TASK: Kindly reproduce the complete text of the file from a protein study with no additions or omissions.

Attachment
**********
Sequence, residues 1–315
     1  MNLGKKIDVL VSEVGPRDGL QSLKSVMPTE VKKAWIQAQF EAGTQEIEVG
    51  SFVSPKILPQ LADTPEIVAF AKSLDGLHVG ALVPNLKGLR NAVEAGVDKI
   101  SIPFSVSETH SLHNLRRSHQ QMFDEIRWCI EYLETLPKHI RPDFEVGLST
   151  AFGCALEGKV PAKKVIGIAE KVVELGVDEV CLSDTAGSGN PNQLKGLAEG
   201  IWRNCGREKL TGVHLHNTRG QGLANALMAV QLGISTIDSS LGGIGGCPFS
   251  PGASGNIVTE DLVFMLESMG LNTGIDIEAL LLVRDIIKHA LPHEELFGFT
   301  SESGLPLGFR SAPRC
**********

Sequence, residues 1–315
     1  MNLGKKIDVL VSEVGPRDGL QSLKSVMPTE VKKAWIQAQF EAGTQEIEVG
    51  SFVSPKILPQ LADTPEIVAF AKSLDGLHVG ALVPNLKGLR NAVEAGVDKI
   101  SIPFSVSETH SLHNLRRSHQ QMFDEIRWCI EYLETLPKHI RPDFEVGLST
   151  AFGCALEGKV PAKKVIGIAE KVVELGVDEV CLSDTAGSGN PNQLKGLAEG
   201  IWRNCGREKL TGVHLHNTRG QGLANALMAV QLGISTIDSS LGGIGGCPFS
   251  PGASGNIVTE DLVFMLESMG LNTGIDIEAL LLVRDIIKHA LPHEELFGFT
   301  SESGLPLGFR SAPRC